In conclusion, we have provided here an analysis of the pro-anorexia movement in terms of a lay explanatory model that contrasts with both biomedical and social models of anorexia. From an ethnographic exploration, we have disclosed an internally-coherent model of causation, process and management of the condition, and shown how this emerges from the experiences of pro ana. What from the outside appears a bizarre and pernicious sect, can be understood as a reasoned world-view. Pro-anorexia is not a diet, nor is it a lifestyle choice. It is a way of coping and a damage limitation that rejects recovery as a simplistic solution to a symptom that leaves the underlying pain and hurt unresolved. Pro-ana's use of technologies (communication and pharmaceutical) have respectively enabled its organisation and supplied an effective tool for weight management, and these applications and subversions of technology are deserving of sociological attention. Yet above all, while the routines and rituals of pro-ana appear extreme and risky, they are normalised, controlled, justified and legitimated through the sharing of information, risk management and support. Our analysis may offer those practitioners working with anorectics a further insight into anorexia, its sufferers and its management.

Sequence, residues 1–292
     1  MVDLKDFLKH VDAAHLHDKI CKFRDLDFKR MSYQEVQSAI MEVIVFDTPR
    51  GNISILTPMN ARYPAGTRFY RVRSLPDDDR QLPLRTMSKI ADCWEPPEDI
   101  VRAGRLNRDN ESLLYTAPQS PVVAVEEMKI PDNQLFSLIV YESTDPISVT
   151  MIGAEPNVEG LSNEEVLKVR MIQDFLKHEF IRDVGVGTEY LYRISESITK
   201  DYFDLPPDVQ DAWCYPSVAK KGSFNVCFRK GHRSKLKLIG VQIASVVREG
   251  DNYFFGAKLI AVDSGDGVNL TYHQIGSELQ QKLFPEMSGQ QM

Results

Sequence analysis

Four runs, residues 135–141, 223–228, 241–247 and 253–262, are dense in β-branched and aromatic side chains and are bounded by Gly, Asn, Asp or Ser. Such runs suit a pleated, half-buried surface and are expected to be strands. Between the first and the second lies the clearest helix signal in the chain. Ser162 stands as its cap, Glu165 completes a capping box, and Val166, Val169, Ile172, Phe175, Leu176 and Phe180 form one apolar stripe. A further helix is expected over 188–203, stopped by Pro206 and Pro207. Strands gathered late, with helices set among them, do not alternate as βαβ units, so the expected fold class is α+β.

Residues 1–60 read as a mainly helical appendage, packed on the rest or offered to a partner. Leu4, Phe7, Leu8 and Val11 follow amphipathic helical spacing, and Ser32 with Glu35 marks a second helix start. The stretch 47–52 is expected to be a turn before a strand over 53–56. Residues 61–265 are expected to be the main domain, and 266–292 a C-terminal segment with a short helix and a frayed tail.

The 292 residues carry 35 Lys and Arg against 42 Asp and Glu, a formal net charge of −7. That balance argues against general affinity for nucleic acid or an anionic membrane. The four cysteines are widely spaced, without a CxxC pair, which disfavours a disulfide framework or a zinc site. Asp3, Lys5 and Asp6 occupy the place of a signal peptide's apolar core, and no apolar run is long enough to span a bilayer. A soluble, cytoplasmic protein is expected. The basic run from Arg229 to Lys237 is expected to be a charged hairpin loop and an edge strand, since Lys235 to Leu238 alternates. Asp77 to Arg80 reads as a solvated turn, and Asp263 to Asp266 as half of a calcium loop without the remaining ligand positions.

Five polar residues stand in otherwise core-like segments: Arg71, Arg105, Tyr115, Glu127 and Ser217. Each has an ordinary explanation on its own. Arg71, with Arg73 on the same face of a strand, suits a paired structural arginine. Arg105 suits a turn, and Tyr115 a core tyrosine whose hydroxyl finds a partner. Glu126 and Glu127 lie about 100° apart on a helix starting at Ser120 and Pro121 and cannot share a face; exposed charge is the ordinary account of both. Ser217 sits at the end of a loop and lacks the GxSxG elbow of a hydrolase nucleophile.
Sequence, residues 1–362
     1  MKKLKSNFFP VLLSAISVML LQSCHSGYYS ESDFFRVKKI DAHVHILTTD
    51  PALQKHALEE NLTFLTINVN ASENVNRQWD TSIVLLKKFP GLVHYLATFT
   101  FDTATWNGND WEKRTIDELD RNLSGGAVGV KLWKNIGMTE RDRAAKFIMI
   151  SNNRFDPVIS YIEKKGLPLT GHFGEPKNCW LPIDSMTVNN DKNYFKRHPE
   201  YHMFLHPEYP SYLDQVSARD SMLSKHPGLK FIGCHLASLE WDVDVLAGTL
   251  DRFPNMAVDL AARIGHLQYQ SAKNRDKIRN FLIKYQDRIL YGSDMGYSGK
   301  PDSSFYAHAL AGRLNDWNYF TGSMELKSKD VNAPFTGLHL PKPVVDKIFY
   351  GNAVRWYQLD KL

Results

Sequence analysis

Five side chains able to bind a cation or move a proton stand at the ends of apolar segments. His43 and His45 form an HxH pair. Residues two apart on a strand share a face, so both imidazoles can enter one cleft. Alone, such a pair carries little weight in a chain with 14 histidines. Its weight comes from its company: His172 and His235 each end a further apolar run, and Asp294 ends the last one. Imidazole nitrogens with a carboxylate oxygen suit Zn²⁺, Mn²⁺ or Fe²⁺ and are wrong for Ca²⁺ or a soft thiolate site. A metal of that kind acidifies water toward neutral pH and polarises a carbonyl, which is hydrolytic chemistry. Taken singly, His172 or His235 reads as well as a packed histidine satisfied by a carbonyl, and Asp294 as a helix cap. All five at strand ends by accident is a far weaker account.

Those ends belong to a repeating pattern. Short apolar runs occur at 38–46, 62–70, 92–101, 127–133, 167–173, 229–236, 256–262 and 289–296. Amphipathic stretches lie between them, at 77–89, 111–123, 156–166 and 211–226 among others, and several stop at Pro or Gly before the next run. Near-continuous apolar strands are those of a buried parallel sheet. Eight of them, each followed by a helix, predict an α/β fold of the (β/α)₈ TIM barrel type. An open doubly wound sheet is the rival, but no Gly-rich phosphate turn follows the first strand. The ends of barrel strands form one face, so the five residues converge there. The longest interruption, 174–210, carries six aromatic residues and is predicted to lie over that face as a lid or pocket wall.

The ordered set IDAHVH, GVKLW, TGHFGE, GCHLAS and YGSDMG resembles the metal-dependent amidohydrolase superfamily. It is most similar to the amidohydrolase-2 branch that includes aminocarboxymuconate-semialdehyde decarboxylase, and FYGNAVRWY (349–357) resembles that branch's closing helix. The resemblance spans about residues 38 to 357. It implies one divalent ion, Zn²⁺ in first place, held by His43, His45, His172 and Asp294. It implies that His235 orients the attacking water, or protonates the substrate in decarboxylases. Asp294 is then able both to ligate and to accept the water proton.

This was part of a larger study into internet pharmacy, which was funded by the Economic and Social Research Council Innovative Health Technologies programme (grant L218252057). Details may be found at http://www.pharmakon.org.uk.
The name of this group has been altered to protect anonymity of participants.
In asynchronous fora, messages are not read in ‘real-time’ but are archived for access at readers’ convenience.